Monday, February 21, 2011

Obama ex-enforcer closes in on Chicago mayor crown

US President Barack Obama's ex-enforcer Rahm Emanuel hopes to be crowned mayor of Chicago on Tuesday after capturing such a decisive lead that the only question is whether he will avoid a runoff.

The famously foul-mouthed Emanuel, 51, has been the clear front-runner in the race to run America's third-largest city ever since he resigned as White House chief of staff and moved back to Chicago in October.

His lead in the polls grew even as opponents dropped out of the once-crowded race to replace retiring Mayor Richard Daley, who has governed the Windy City for more than 22 years.

And so, in a move characteristic of rough and tumble Chicago politics, opponents tried to cut him off in the courts, saying he had abandoned his Chicago residency when he moved his family to Washington to work for Obama.

The challenge added ample drama to the otherwise pre-ordained race.

First, there was Emanuel's tenant, who refused to be bought out of his lease so Emanuel could move back into his northside home and then briefly entered the mayoral race himself.

Then there were the circus-like hearings in a cramped county hearing room with faulty microphones, where "citizen objectors" ridiculed the multi-millionaire for renting his home out in the first place.

It was a world away from the formality of the White House, but Emanuel proved to have a deep well of patience as he calmly answered the often bizarre questions and took every opportunity to prove his deep roots in the Windy City.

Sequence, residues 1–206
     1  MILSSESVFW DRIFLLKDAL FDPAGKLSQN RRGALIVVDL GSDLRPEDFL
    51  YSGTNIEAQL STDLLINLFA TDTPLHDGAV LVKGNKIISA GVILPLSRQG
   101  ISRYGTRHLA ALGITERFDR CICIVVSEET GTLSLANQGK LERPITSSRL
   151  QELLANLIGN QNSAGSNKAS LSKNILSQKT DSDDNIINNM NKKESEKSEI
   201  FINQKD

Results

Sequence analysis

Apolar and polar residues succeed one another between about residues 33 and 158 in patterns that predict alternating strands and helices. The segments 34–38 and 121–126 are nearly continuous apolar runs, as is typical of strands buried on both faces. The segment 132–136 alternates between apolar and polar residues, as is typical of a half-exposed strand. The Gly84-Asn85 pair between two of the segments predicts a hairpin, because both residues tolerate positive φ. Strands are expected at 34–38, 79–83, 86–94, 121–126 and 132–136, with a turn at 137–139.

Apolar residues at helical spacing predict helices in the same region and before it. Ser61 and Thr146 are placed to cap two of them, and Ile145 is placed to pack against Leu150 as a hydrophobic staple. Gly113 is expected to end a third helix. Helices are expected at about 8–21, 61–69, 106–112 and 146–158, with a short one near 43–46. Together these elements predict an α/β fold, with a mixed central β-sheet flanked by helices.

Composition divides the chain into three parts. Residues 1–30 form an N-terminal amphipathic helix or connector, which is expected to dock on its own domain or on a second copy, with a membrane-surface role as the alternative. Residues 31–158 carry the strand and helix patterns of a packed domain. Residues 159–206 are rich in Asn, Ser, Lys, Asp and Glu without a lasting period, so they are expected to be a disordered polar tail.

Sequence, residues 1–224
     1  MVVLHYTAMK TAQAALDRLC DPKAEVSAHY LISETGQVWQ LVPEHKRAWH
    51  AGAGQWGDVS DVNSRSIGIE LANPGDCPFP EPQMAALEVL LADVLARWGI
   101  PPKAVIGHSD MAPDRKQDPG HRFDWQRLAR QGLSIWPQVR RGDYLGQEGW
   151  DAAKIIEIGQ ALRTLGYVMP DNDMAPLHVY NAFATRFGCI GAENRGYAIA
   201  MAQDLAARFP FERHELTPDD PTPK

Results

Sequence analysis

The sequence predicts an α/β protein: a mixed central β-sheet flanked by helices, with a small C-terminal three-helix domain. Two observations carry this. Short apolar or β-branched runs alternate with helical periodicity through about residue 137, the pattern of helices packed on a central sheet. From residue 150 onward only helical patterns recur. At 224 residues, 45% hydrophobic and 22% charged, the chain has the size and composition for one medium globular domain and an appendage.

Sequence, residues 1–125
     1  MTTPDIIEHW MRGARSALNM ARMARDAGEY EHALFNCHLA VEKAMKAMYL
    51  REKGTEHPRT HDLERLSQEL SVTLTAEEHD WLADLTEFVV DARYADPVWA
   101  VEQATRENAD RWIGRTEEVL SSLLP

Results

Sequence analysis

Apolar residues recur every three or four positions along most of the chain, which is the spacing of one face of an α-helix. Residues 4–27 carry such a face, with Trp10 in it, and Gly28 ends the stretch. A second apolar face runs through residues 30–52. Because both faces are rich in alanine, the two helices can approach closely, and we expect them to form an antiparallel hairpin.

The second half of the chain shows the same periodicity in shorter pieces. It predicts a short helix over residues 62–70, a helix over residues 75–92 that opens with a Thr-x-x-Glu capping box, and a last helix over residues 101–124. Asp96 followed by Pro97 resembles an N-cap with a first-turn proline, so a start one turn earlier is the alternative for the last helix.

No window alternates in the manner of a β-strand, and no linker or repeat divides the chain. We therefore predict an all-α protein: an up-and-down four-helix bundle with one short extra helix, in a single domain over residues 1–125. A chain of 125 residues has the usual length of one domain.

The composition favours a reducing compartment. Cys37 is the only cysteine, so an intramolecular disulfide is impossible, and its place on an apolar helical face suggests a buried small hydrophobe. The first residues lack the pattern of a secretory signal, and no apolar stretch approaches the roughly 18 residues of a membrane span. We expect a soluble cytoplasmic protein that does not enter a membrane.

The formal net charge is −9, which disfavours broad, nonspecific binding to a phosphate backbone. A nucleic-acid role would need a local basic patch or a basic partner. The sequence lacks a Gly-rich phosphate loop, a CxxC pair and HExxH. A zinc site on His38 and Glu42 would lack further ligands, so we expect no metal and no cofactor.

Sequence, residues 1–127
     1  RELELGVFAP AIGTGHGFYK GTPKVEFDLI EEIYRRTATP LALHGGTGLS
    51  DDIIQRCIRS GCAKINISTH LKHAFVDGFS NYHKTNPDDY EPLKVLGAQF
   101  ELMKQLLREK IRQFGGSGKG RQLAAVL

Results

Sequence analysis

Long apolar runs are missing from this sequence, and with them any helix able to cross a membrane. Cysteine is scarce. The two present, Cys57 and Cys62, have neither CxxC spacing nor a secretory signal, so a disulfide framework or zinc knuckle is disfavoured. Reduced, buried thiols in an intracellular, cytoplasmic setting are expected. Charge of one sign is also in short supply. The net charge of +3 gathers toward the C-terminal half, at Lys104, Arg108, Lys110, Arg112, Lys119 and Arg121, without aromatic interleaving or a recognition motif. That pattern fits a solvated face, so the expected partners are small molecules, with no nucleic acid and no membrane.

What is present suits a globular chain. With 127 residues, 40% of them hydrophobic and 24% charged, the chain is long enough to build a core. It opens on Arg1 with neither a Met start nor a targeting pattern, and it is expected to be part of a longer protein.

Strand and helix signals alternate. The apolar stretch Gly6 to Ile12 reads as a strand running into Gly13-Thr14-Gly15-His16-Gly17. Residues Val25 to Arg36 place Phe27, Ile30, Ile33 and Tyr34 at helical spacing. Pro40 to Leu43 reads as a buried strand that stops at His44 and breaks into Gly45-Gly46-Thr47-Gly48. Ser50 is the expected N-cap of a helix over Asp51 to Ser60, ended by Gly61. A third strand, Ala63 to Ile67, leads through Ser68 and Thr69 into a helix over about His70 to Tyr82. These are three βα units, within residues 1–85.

Emanuel, who was born in Chicago and served a slice of the city for years in the US House of Representatives, triumphed over objectors at the city's elections board and again at the county court.

Then, in a move that stunned Chicago, an appeals court ordered him off the ballot in a widely-criticized 2-1 ruling just days before early voting was set to begin last month.

Nearly 300,000 ballots had been printed without Emanuel's name when the state's top court issued an emergency stay, forcing city officials to tell printers to "stop the presses" and go back to the original proofs.

The Illinois Supreme Court handed him a decisive victory in a unanimous ruling two days later, and Emanuel had Chicago firmly in his grasp.

The shrewd politico, whose uncompromising style earned him the nickname "Rahmbo," is expected to replicate Daley's iron-fisted tactics and focus on maintaining Chicago's reputation as "the city that works."

"Chicagoans feel Chicago is a difficult city to rule," said Ken Janda, professor emeritus of political science at Northwestern University.

"You've got to be a guy who says no. And Emanuel is seen to be a guy who is tough and can say no."

A poll released last week showed Emanuel with 58 percent of the vote -- more than enough to get the majority needed to avoid an April 5 runoff between the top two candidates.

Emanuel is also favored because he has such high-profile support. Obama -- who remains wildly popular in his adoptive hometown of Chicago -- gave Rahm a glowing endorsement.

And former president Bill Clinton flew to the heavily Democratic city last month to campaign for Emanuel, who once served as his senior adviser.

Emanuel, who would be Chicago's first Jewish mayor, was also able to gain a lead in all demographic and geographical categories in the ethnically and economically divided city.

Rival Gery Chico won 24 percent, Miguel Del Valle had 10 percent and Carol Moseley Braun was the pick of six percent of respondents in the Illinois Retail Merchants Association survey.

A runoff is still possible given how many candidates are on the ballot, said John Brehm, a political science professor at the University of Chicago.

While it might be somewhat embarrassing to be forced into a runoff, "he'll brush it off," Brehm told AFP.

"I can't imagine a circumstance in which he would lose in a runoff."

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